Oil stains are the most popular stains, and they are primarily available in home centers and paint stores. They are easy to use because they offer a long-lasting sheen, and they are wiped after application. The problem with oil-based stains is that they barely add color to wood, especially dense wood.
The best practice for getting a moderate coating is when you wipe off the excess stain, you still may not get the intensity of a darker color. The best step to take when you do not like your wood stain color is to use a darker stain, and you should apply it on top of the first stain. This will help keep the color of the finish and give it an even deeper shade.
Another method of darkening stained wood is applying several coats of wax over the existing stain. When the surface of the coated wood becomes dry, the wax will make the initial stain darker.
A wood stain is a fantastic product that comes in many colors, from light to darker shades. Darker colors are known to compliment wood designs and silhouettes. In this article, we will discuss the various procedures you can take to make your wood stain darker.
What To Do If a Wood Stain Doesn’t Darken Your Wooden Project
Some stains vary in the ratio of dye or pigment they contain relative to the binder a solvent. The higher the balance of the dye, the darker the stain colors the wood. If you aren’t getting a desirable darker shade, you can add some dye to the stain you are using or change the brand of stain you use.
You can also sand the surface with coarse grit. Do not scrub so hard to avoid the stain from highlighting the scratches. If all the sanding-grit scratches from the previous sanding go with the wood’s grain, you will have a great result.
Another possibility of getting a darker stain is leaving some stain on the wood during the working stage. To achieve this, you will need to wipe off every part of the wood similarly. Then apply a coat of finish to the wooden panel to create a deeper color shade.
Will All Stains Darken Wood?
All wood stains are designed to darken wood surfaces depending on their application. If you apply a light stain on a dark piece of wood, there will be no changes. You should pay attention to the starting color of the wood.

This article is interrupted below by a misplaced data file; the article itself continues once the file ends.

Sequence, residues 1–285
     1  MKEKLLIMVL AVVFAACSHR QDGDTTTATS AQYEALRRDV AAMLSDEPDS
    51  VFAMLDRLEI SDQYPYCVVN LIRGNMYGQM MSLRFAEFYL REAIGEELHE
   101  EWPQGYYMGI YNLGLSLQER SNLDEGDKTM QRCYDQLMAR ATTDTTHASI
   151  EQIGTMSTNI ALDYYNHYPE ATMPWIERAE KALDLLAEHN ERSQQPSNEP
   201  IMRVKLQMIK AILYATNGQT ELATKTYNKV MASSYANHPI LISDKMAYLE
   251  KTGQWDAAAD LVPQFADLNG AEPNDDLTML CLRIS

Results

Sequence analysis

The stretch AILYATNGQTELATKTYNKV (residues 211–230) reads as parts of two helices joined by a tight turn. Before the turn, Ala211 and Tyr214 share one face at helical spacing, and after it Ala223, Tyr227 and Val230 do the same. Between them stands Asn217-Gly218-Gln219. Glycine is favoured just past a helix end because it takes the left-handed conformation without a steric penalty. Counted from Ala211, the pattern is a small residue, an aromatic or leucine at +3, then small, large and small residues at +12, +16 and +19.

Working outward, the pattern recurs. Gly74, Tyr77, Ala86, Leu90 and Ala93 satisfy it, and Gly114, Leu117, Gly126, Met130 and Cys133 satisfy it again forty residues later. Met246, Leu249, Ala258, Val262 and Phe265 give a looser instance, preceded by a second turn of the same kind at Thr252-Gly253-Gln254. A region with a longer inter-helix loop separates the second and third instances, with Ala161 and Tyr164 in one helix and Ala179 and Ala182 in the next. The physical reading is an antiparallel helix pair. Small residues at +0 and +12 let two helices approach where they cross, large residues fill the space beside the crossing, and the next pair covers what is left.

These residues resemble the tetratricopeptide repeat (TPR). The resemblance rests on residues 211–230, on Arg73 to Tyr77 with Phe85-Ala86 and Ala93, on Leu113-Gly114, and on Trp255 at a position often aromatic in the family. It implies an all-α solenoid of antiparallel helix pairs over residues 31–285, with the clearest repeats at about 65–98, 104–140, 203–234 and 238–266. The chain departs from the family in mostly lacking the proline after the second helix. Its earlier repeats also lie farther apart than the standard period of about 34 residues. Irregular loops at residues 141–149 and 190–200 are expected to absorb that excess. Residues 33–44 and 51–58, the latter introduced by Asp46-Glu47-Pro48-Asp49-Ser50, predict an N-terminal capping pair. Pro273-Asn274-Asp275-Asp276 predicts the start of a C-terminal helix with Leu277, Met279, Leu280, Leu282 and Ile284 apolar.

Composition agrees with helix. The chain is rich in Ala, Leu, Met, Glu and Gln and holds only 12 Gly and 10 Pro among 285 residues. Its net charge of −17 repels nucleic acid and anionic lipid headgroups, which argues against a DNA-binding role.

In most cases, you can’t apply a stain to a piece of wood that is originally dark. Better-colored categories of timber are pretty expensive, but they tend to be withdrawn in their natural state. Some standard lumber like oak, pine, and poplar are often stained with a darker shade to match different designs and looks.
Some people find the need to stain darker woods. Wood stains come in various shades, with many rich and deep colors available. You must pick the shade you desire to give your wooden project a distinctive look.
How To Darken Stain on Wooden Surfaces
There are several methods to make a stain darker on wood surfaces, but we will give you the four easiest methods to try.
Apply another coat or add a darker coat of the stain
Adding another cost or applying a darker coat of stain on the existing stain is the most common method to get a darker stain. If the standing wood stain is not as dark as you want it, you can apply a new coat to darken the stain. A darker tone to the existing stain finish will give it a deeper shade.
To get the best result from this method, you will need to sand the current coat, remove the dust and apply a darker fresh coat. Here are some supplies and tools you will need to carry out this method.
- A fine-grit sandpaper
- A brush or duster
- Water-based polyurethane
- Wood stain (darker shade than the current one)
Procedures To Follow:
- Use a clean cloth to wipe the existing stain to remove stains and dust nibs.
- Use fine-grit sandpaper to scrape the existing stain lightly. If there is a present sealant on the surface, you will have to sand the gloss off the sealant.
- Remove the dust on the wood with a rag.
- Apply a darker shade of the stain on the wood and leave it to dry.
- When the surface is dry, the darker tone of the wood stain will look more profound, and it will also give extra protection to the finish. You can seal the surface with a water-based polyurethane afterward. However, this step is optional.